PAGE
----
At the end of the Cold War, the American people had a grand opportunity, one that entailed the dismantling of the national-security state apparatus that had been grafted onto our governmental system after the end of World War II. It would have made sense, given that the justification for making the national-security state apparatus a permanent feature of American life was the Cold War itself. No more Cold War should have meant no more national-security state.
Unfortunately, however, that was the last thing the Pentagon, the CIA, and the NSA were going to permit. Having become essentially the fourth branch of the U.S. government — and the most powerful branch at that — they weren’t about to permit themselves to be dismantled despite the fact that the justification for their existence — the Cold War — had suddenly and unexpectedly come to an end.
Instead, the national-security state apparatus went on what seemed to be a desperate campaign to convince Americans that it was still needed. The drug war. The war on immigrants. An unsafe world. The possibility of a resurgent communist threat. We’ll do anything; just don’t dismantle us, they said.
In the meantime, they went abroad, especially in the Middle East, with the aim of poking hornet’s nests. The Persian Gulf War. The intentional destruction of Iraq’s water and sewage treatment plants. The obsession with Saddam Hussein throughout the 1990s. The brutal sanctions that killed hundreds of thousands of Iraqi children. The Iraqi no-fly zones, which killed more Iraqis. The stationing of U.S. troops on Islamic holy lands. The support of Middle East dictatorships, including Egypt. The unconditional support for the Israeli government.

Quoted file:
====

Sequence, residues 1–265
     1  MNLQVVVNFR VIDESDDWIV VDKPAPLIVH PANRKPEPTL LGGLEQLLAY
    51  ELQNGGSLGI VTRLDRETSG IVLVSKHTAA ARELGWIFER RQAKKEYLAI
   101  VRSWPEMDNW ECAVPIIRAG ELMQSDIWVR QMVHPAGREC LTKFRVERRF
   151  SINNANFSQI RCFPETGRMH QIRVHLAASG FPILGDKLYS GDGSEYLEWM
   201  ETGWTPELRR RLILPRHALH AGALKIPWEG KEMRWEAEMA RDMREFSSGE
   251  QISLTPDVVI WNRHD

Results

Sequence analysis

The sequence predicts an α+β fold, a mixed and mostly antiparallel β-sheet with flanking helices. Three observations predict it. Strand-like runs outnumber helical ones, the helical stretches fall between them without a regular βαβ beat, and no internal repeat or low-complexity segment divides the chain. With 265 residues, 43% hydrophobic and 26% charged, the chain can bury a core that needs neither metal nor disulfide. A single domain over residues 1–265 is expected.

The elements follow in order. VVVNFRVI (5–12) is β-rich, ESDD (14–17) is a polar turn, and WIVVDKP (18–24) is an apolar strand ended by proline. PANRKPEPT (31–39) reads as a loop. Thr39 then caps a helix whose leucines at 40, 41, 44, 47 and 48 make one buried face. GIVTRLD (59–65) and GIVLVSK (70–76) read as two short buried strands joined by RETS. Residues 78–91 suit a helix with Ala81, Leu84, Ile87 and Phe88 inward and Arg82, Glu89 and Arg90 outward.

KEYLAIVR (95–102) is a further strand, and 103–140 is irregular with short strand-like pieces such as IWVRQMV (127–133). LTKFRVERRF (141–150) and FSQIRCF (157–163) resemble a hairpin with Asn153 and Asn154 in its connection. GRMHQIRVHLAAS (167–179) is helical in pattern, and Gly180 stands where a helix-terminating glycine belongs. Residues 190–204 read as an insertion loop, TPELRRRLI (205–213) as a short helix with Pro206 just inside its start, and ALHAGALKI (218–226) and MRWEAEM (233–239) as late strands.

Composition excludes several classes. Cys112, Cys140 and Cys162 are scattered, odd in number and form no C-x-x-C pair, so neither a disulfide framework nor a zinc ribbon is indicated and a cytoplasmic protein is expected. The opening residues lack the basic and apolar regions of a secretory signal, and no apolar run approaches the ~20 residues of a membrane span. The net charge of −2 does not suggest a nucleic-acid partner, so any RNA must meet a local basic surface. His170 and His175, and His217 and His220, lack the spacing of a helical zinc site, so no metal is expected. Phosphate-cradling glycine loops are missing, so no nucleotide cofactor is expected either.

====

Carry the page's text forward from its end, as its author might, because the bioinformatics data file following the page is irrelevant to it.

It all succeeded in generating the anger and hatred that led to anti-American terrorism, which, as we all know, provided a new, perpetual justification for the national-security state, a justification that was designed to replace the old one, the Cold War one.
When the Cold War ended, however, the U.S. government refused to dismantle another of its important Cold War institutions — NATO, which had been brought into existence to defend Europe against the Soviet Union.
So why wasn’t NATO abolished when the Cold War ended and the Soviet Union dismantled?
Good question. What we do know is that just like the poking of hornet’s nest in the Middle East, NATO continued poking Russia, to the point that now the national security state is exclaiming, “See, you need us after all—to face the twin threats of Russia and terrorism!” (And, well, communism in China and North Korea too, another area where the national-security state is poking hornet’s nests as well.)
Among the first things that NATO did after the Cold War ended was to sign up the countries of Eastern Europe and the Baltics that had been under the Soviet yoke. And NATO would love nothing more than to sign up Georgia and Ukraine too, thereby obligating Americans to come to their military defense too.
Now, one might say, “What difference does that make? Why should Russia feel paranoid about having U.S. missiles, military bases, and troops on its borders or being surrounded by U.S. forces?”
Well, maybe for the same reason that the U.S. national-security state gets paranoid about the same thing happening over in this part of the world!
After all, what’s that 50-year economic embargo against Cuba all about? Doesn’t it serve as a constant reminder to us of the U.S. national-security state’s extreme paranoia during the Cold War that the communists were coming to get us? Wasn’t it that paranoia that led to the CIA’s invasion of Cuba at the Bay of Pigs, to the CIA’s many assassination attempts against Cuban president Fidel Castro, and to the many acts of CIA sabotage and terrorism within Cuba?